Despatch (called Jumpy over here) - excellent van. The misses had one in London, it would be perfect space wise and drive wise. It's the van that inspired my thinking. Pretty much the same as the Expert and the Scudo. The Citroen and Renault tend to be pricey 2nd hand but I'll follow up on the Scudo, it sounds worth a look.

Transporter - looks like another to follow up on. The T4 is reasonably priced and seems to have a good reputation.

Hiace - difficult to find here but another possible. I'd initially thought it more like a minibus (too open, too many windows) but I'll look at the options available. I'm probably not aware of the range of models.

Bigger vans (Traffic, Transit, etc).... dunno. Doesn't appeal at first impression. More for driving considerations than space. I'd rather something more car like to drive, i.e. less cabin noise. I'll not rule it out though. Affordable Transits here tend to be well used (tatty) as they're builders etc vehicles. Also, whilst they are cheap enough to maintain, run and repair in the UK, I read that well used ones are prone to niggling little faults. That could be pricey here.
 

Crankarm

Guru
Location
Nr Cambridge
Thanks for the feedback people. My responses & thoughts in no particular order...

Yes, I've thought about tent options but there's not always going to be a convenient camp site nearby and then there's those early am ride start times.

Vito - I like them and there are many available here in France at reasonable prices (for Mercs!) BUT, reading around, the older ones tend to have rust problems primarily and other issues (steering racks, tyre wear, thirtsy) secondary.

Berlingo - we have one. Not quite enough room in the back. But it does drive well, rather impressive really but does suffer with a little body roll if you get too enthusiastic! Tend to be expensive (here) 2nd hand. I didn't know there was a model with a longer load length.

Despatch (called Jumpy over here) - excellent van. The misses had one in London, it would be perfect space wise and drive wise. It's the van that inspired my thinking. Pretty much the same as the Expert and the Scudo. The Citroen and Renault tend to be pricey 2nd hand but I'll follow up on the Scudo, it sounds worth a look.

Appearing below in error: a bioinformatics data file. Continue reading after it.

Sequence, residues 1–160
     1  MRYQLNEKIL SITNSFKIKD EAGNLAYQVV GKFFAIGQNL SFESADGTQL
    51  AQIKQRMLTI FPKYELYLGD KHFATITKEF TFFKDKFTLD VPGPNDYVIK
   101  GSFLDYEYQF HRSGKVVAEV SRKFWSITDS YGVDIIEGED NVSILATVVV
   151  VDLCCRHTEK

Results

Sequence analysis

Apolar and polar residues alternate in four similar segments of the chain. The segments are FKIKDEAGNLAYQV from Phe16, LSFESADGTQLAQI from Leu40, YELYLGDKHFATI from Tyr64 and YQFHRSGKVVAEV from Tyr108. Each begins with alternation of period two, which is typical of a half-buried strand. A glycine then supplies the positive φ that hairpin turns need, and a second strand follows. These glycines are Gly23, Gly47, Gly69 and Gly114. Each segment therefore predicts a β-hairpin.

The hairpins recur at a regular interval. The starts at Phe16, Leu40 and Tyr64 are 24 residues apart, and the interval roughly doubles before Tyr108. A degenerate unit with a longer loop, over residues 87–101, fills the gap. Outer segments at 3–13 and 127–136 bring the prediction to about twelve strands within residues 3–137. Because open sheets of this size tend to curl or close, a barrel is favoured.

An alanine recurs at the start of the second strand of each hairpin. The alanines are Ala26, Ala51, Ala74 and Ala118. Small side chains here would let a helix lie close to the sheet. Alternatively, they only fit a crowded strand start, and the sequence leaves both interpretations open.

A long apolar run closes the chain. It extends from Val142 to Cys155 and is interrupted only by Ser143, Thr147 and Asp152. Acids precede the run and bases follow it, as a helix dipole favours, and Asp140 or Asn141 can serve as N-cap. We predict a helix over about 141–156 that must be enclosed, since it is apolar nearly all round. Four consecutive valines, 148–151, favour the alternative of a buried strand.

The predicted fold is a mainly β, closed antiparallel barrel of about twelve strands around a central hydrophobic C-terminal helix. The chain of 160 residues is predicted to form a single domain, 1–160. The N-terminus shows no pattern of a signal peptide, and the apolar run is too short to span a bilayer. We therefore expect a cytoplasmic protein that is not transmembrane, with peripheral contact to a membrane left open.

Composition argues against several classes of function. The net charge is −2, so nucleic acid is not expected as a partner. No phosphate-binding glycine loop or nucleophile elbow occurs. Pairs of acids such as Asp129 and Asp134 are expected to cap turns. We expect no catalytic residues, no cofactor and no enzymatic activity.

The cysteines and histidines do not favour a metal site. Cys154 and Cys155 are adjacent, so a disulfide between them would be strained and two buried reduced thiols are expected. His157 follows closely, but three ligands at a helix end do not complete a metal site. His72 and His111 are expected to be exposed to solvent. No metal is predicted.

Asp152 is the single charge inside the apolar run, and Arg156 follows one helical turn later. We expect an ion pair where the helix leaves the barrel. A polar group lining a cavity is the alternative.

Transporter - looks like another to follow up on. The T4 is reasonably priced and seems to have a good reputation.

Hiace - difficult to find here but another possible. I'd initially thought it more like a minibus (too open, too many windows) but I'll look at the options available. I'm probably not aware of the range of models.

Bigger vans (Traffic, Transit, etc).... dunno. Doesn't appeal at first impression. More for driving considerations than space. I'd rather something more car like to drive, i.e. less cabin noise. I'll not rule it out though. Affordable Transits here tend to be well used (tatty) as they're builders etc vehicles. Also, whilst they are cheap enough to maintain, run and repair in the UK, I read that well used ones are prone to niggling little faults. That could be pricey here.

Try and find an old Renault Master SWB T35. Bullit proof, fund to drive, easy to load and unload and plenty of space to kip in the back easily accommodating a double mattress, your bike and all your odds and sods. Of course being Renault any garage or atelier will be able to service it.
 

threebikesmcginty

Corn Fed Hick...
Location
...on the slake
How about an old Volvo estate? It's much comfier than a van and with the rear seats folded down it's huge.
Recently took three of us with two bikes inside and one on the roof. With the back seats down it's also a big enough area to kip in.
 

benb

Evidence based cyclist
Location
Epsom
This is perfect for you:
kvincyr-5_camperbikeride2.jpg
 

toekneep

Senior Member
Location
Lancashire
We have a Berlingo which is great for carrying the bikes. The only disappointment is that it isn't easy to actually remove the rear seats completely. The Skoda Roomster on the other hand does have this feature which is why it will probably replace the Berlingo eventually. I don't have measurements but my guess is that the extra one or one and a half feet that this would give you might be enough for the mattress.